Bridging needs an effective trade body

Sarah Davidson

January 11, 2012

Colin Sanders, chief executive at Omni Capital, said: “I hope 2012 is the year in which we see the emergence of truly effective and representative trade bodies for the sector.

“The basis for this already exists and the more mature bodies, such as NACFB, perform a sterling service for their members.

“But more can be done and as short-term lending continues to emerge from its previously ambiguous past, there is a pressing need for our trade bodies to evolve from ‘clubbiness’ to become the serious, vocal and articulate champions of the sector.”

There are currently three trade bodies that operate in the bridging sector including the National Association of Commercial Finance Brokers, the Association of Short Term Lenders and the Association of Bridging Professionals.

Adrian Bloomfield, chief executive of the ASTL, said he felt Sanders’ comments were “almost unfair” given the lobbying he has done on behalf of members in the past four years.

Bloomfield said: “We want to reinforce and continue the work we have done over the past three or four years to raise awareness of the short-term sector as different from long term lending.

“If there had been no effective trade body in the run up to the Mortgage Market Review there would not have been a section dedicated to the short-term sector.”

He added that he felt this showed the ASTL was “very effective” and “highly regarded” by the Financial Services Authority.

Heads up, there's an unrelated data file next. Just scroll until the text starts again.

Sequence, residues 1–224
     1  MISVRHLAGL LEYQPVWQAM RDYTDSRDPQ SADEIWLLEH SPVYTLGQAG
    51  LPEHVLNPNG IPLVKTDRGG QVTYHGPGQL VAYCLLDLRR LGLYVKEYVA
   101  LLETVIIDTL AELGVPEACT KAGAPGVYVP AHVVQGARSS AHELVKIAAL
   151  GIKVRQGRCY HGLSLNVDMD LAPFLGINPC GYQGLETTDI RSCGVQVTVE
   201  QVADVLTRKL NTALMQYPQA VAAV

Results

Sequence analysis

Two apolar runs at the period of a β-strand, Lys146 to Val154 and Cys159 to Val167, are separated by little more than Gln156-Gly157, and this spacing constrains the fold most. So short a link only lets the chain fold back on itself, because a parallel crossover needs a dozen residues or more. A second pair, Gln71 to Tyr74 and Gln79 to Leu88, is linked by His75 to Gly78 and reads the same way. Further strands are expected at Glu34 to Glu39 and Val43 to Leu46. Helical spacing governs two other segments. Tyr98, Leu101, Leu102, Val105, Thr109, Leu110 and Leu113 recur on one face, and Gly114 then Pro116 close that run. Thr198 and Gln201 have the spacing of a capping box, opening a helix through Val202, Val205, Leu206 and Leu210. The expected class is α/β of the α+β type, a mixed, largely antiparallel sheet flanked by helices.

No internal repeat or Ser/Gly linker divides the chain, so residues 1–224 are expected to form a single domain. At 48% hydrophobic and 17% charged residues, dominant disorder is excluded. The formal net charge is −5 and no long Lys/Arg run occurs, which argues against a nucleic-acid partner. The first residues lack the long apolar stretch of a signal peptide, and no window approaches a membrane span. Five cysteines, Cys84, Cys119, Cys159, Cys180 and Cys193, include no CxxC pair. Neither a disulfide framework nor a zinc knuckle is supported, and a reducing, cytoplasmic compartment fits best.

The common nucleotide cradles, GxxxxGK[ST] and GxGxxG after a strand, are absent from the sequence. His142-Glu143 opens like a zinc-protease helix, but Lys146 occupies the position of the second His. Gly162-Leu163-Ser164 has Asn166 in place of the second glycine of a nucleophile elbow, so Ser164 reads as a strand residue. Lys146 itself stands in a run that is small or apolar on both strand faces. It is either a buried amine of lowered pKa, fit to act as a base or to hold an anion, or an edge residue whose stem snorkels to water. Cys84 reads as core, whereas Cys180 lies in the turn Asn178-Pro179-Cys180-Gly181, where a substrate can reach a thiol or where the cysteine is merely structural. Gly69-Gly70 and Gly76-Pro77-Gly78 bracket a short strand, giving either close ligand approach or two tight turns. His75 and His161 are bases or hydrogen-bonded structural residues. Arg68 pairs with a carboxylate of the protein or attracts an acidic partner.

Mark Posniak, head of marketing and operations at lender Dragonfly Property Finance as well as a member of the ASTL executive, agreed that the bridging lender trade body had achieved “a hell of a lot” in the past few years.

He said: “It is difficult to have one voice in bridging because the different trade bodies have different agendas but to discount what the ASTL has achieved is not entirely fair.”

Posniak added that he thought there was room for the ASTL to “widen its scope” to make it more representative of the short-term market however.

“I would also agree with Colin that we do need to move away from the perception of clubbiness,” he added. “I think the ASTL is making an effort to be active and widen its membership.”

Adam Tyler, chief executive of the NACFB, said he agreed with Sanders that further discussion to agree the responsibilities of each bridging trade body was needed.

And he also voiced concern that bridging had been singled out in such detail in the latest MMR.

He went on to say: “The latest MMR consultation paper dedicates just three pages in its data pack to business lending.

“From that we can only conclude that the NACFB has been doing its job properly over the last 20 years.

“We engage with the FSA whenever we need to. This is how a trade body should operate.”

Meanwhile Lucy Hodge, executive committee member of the AOBP, said recent growth in the bridging sector meant more regulatory scrutiny was inevitable.

She said: “Whilst the AOBP does not believe short-term finance forming part of the MMR will be particularly helpful to the sector we do see it as a good thing that it has at least been recognised as a niche product.”

Hodge added that the AOBP has “certain initiatives planned” to ensure it represents the sector effectively “despite certain hurdles we will no doubt be faced with”.

Robert Sinclair, director of the Association of Mortgage Intermediaries, said given the increased focus on bridging by European regulators and the FSA, having a coherent trade body voice was important.

He said: “A simple and cohesive voice will have much more traction with the regulator.

“Given the increasing focus on the short-term sector, it’s important bridging and short-term lenders have a consistent voice representing their interests.”

In the last year the NACFB reported a 180% increase in short lending introductions by its members, of whom around three quarters are unregulated by the FSA.


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